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Reading week or weak reading?

Posted on February 18, 2015 by 40 Mile Commentator

By Craig Funston
I love to read, and I love good books and magazines. You may have gathered that passion already, based on my two previous columns. I have tried to show you the virtues of reading. You may want to check back to see what I said.
To me, reading is one of the greatest historical achievements any civilized nation can reach. Homes and education systems that produce readers produce a strong future. Groom the children of the nation to read and you have success at every level—moral, spiritual, nutritional, vocational, educational, and any other word that ends in “-al.” There are other factors, to be sure, but reading is a key one.
In other words, a literate nation is a liberated nation.
It’s Reading Week here in Alberta. I ask the question: Are we enjoying Reading Week or enduring weak reading? For me, every week of the year is reading week; every day is reading day.
I have no idea when I first got turned on to reading, but I am a better person for it. I am also a better husband and father, thinker, teacher, writer, and speller, too. I’m probably a better wannabe-farmer for it, too: Having the ability and desire to read allows me to rush to the library or Internet when I need to read up on some project or problem.
Reading is a plus in so many ways that I hardly have space to write about it. Here is a list of some of the advantages reading’s pleasures:
1. It’s a great babysitter. That doesn’t sound right, so let me explain. Once your children can read, they can nestle up in the corner bean bag and read to their heart’s content. It keeps them constructively preoccupied, which cannot be said for the electronic nanny that’s in their space and face. They can learn good things that way, too, saving you some of that effort.
2. It’s a trip without leaving the house. Few of us can travel when and where we want to, but we can if we have a book. Over the years I have travelled through jungles, mountains, and steppes, in and out of continents, back and forward in time–without boarding a plane. My sources have been a variety of authors who have taken me there vicariously in their writings. In fact, their writings have been so real that I have often felt I needed to buy travel insurance. (Okay, okay, I exaggerate.)
3. It’s an inexpensive night out. Going out, and all that that entails, can become very expensive and intrusive. Instead of dressing up, think of curling up—and enjoy the night out mood, without going anywhere. It’s cheaper, safer, and quicker, save for the cost of some exciting novella.
4. It’s smaller than a laptop, less clumsy than a desktop. I know there is such a gadget as Kindle, but that’s more book than computer. In the main, books are much more handy to take with you than any other form of meaningful entertainment. You don’t need to worry about connecting or re-charging.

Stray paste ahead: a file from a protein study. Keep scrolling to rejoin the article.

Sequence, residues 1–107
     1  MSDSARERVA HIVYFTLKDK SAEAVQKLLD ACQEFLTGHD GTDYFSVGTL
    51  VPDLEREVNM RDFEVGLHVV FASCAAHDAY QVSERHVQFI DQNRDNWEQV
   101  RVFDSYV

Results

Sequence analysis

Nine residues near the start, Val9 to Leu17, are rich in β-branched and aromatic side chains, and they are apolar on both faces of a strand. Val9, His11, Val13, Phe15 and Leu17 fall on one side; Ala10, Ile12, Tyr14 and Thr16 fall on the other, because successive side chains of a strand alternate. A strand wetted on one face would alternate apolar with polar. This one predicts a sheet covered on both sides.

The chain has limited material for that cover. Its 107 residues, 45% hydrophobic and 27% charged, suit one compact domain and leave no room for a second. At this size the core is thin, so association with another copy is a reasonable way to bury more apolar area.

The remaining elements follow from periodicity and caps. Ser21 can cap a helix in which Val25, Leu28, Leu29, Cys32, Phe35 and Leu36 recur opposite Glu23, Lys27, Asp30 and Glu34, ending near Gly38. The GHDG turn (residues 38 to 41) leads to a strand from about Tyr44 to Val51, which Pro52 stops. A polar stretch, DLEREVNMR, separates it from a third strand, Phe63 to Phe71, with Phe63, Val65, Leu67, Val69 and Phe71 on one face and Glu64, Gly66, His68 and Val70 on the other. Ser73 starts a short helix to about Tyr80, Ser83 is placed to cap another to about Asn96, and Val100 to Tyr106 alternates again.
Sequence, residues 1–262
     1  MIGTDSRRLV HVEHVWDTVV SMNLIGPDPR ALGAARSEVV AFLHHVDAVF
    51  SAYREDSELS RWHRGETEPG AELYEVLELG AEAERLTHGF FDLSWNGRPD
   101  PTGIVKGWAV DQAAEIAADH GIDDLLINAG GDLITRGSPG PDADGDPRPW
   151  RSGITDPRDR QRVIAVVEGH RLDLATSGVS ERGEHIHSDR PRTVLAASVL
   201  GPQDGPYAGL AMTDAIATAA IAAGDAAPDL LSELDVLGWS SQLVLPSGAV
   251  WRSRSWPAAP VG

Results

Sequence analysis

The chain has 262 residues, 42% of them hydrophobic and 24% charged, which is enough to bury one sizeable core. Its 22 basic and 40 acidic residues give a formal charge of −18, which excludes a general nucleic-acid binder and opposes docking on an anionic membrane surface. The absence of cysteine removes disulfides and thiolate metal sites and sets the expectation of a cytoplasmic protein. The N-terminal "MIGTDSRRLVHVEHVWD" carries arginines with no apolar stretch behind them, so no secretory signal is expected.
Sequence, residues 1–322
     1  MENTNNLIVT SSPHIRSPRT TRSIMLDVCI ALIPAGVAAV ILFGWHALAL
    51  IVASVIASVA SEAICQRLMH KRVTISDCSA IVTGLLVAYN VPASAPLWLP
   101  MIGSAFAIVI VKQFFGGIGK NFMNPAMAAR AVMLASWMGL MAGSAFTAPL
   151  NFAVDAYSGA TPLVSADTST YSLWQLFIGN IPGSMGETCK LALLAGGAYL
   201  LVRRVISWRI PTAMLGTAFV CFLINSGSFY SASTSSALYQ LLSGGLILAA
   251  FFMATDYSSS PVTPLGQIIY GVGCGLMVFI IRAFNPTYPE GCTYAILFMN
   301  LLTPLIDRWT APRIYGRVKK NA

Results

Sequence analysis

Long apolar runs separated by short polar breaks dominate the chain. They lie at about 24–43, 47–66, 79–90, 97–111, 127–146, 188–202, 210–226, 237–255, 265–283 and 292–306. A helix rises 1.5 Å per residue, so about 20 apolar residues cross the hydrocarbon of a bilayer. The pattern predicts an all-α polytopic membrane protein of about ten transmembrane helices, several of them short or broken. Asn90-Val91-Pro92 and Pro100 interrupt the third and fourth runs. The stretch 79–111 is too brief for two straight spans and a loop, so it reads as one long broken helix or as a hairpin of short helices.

5. It’s a mind stretcher. I want to be careful not to go into my usual rant about how most electronic toys are mind-dulling addictions–though I suppose an obsessive compulsion to reading can be similar on the rare occasion. I find reading the right type of book can be a boost for the thinking process, an aid for everything language-related. It can also make you a more interesting person to be with.
6. Lastly, it is a whodunit without the blood. (Maurice: “whodunit” is a cool way to write “who done it?”–not very grammatically correct, but it sure sounds good.) I love solving mysteries, even though I never can nab the crook. It appeals to that forensic side of me, and I can keep my hands clean at the same time.
Those are just for starters. I’m sure you can come up with more.
It’s almost worth going to the dentist, just to get my hands on the free reading material. Free toothbrush and free magazine subscription—life can’t get any better than that.
There are general topics that intrigue me: history, mystery, comedy, and biographies, for starters. I do read what you may call religious works, but I read more far than that. I avoid low-brow smut, cheap romance, political rants, and anything to do with blood and gore. They are often poorly written. you feed on that stuff, you must be….oh well, I’ll it leave it at that.
Reading is clearly one of the cheapest hobbies one can have. You can be anyone, go anywhere, and live anytime, without lifting an elbow. You can be the most ambitious lover without the pain, the most heroic dude without the sweat, or the most brilliant strategist without the training.
And I know exactly what I’m talking about: You see, I read it in a book.

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